When Susan Gjolmesli was a high school and college student, the Americans with Disabilities Act was still decades away and the pervasive mindset about people with physical and psychological disabilities remained arcane.
As she studied for a career as a teacher and simultaneously dealt with increasing blindness due to a genetic condition that slowly sapped her vision, Gjolmesli was constantly underestimated and even discriminated against because of her condition.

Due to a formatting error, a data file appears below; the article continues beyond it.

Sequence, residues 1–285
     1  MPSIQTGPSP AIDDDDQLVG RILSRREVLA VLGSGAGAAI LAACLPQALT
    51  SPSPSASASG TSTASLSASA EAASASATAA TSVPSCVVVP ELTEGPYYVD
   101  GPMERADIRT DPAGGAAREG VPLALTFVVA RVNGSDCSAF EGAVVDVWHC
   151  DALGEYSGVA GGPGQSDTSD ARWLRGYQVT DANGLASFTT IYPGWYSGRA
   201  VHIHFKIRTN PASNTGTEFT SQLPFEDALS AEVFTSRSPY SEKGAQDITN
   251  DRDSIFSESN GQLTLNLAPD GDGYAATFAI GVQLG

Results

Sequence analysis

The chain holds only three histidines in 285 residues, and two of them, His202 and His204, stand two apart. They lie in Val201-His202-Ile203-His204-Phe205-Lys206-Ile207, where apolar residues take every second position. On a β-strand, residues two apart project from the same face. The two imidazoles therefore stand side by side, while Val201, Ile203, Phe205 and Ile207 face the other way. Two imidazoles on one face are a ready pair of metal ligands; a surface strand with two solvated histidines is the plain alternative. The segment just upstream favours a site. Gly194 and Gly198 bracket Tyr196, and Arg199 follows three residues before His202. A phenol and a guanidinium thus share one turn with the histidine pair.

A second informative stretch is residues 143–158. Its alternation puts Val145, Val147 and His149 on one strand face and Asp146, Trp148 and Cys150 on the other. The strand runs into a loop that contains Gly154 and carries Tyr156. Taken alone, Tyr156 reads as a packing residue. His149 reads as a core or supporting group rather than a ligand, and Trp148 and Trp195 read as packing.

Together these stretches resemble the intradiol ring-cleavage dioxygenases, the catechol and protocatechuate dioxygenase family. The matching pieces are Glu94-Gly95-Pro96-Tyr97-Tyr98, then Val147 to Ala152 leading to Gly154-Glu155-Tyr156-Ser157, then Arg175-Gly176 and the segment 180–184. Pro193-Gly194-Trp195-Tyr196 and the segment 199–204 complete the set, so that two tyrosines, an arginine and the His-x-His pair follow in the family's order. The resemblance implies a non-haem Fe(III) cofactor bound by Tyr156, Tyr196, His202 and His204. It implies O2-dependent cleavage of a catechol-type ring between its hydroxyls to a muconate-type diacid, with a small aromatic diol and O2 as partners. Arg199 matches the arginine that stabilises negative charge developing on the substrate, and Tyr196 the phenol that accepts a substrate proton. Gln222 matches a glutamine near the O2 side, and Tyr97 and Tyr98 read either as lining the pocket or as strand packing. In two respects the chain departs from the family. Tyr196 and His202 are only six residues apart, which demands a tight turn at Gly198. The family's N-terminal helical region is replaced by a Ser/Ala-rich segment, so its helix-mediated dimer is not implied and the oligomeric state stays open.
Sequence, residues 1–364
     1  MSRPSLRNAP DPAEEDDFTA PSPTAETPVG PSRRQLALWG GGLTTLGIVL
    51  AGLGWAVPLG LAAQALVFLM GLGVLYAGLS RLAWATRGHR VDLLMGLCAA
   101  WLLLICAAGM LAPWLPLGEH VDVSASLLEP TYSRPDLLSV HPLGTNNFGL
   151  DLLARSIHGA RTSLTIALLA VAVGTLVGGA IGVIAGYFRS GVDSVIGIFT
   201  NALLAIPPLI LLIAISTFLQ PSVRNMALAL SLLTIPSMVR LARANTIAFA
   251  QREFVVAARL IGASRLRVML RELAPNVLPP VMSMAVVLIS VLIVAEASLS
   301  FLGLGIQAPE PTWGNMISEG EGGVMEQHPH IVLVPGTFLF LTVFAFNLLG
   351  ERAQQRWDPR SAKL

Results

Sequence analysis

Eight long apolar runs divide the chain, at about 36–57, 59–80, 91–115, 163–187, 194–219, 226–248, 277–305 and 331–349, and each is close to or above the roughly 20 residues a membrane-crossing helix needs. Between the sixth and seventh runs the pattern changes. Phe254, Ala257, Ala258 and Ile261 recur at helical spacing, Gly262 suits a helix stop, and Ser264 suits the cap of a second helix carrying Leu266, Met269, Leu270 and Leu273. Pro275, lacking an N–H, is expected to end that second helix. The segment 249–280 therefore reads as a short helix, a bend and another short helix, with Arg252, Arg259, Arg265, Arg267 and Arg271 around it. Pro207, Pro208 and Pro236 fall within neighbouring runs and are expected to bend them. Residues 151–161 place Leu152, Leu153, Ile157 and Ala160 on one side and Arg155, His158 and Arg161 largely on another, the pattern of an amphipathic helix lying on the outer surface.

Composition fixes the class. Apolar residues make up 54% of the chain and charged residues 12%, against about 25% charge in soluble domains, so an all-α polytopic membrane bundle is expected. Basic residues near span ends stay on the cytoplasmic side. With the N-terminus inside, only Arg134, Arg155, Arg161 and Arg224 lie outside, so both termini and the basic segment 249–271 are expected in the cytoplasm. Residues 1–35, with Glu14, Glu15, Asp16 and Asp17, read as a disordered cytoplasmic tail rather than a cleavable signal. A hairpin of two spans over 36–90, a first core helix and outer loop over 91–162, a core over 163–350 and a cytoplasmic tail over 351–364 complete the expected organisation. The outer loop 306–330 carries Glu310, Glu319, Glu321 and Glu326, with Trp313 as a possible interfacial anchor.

“People didn’t think I would make it in education,” she said. “Because of my blindness.”
After beginning her career in disability services at the Department of Services for the Blind, Gjolmesli took an unconventional detour to a horticulture school in Colorado, where she again found an instructor uneducated on the functionality of people with disabilities and a system unwilling to integrate technology to assist them.
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